Malawi on track on attaining sustainable energy, says UN study

United Nations has said the country is making significant efforts to achieve Sustainable Development Goals 7 (SDG 7) but requires concentrated efforts from all stakeholders.

Schroderus Fox says only 11 per cent of Malawians have access to electricity.

The remarks were made on Wednesday at BICC in Lilongwe during the launch of Malawi’s Sustainable Energy Investment Study’ which attracted people from the academia, experts in energy matters some members of Diplomatic corps and officials from different ministries.

Director of the United Nations Office of the High Representative for Least Developed Countries, Landlocked Developing Countries and Small Island Developing States (UN-OHRLLS), Heidi Schroderus Fox said only 11 per cent of Malawians have access to electricity.

“The study highlights that the country is on the right track but there is need to accelerate progress. It is obvious that achieving universal access to modern, reliable, affordable and sustainable energy by 2030 which is already in 10 years will require not only strong political vision but also a major in investments,” she added.

The study revealed that by now only four per cent access electricity in the rural areas hence need for enhancing rural electrification exercise.

UN Representative Maria Jose Torres Macho said about US$ 3 billion should be invested to change help in reversing the situation so that access to electrify should be improved.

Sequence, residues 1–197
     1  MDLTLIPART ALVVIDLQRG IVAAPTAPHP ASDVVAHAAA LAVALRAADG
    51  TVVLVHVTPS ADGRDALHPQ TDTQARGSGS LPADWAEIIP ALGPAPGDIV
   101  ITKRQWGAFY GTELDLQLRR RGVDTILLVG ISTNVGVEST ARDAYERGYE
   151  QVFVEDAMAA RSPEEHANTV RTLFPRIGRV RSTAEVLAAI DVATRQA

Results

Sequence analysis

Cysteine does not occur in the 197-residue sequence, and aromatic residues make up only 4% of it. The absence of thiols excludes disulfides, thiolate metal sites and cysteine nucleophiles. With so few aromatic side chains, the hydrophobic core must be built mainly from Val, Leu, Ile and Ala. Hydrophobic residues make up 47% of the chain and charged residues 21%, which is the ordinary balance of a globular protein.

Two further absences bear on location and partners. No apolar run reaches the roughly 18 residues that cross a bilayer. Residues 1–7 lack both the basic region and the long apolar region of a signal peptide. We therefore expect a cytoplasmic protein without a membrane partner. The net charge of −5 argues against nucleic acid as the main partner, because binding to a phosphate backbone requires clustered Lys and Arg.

“It is clear that many countries across Africa, the scope for energy investment has not been favorable and Malawi needs to be positioned to make strategic and targeted use of its public finance to catalyze private investments,” Macho said.

Chief Director in the Department of Energy Affairs in the ministry of Energy and Mining, Chimwemwe Banda said it was the wish of government to diversify on the sources of power.

“We can agree that this figure is very small because we only depend on hydro power which is having problems with the issues of climate change, like Shire River water levels declining and poor downfalls,” she said.

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After 55 years of independence and still only 4% of the rural population (which is most of the population) has access to electrical power. This is shameful and rectifying this situation should be the top priority for the government whatever party is in power.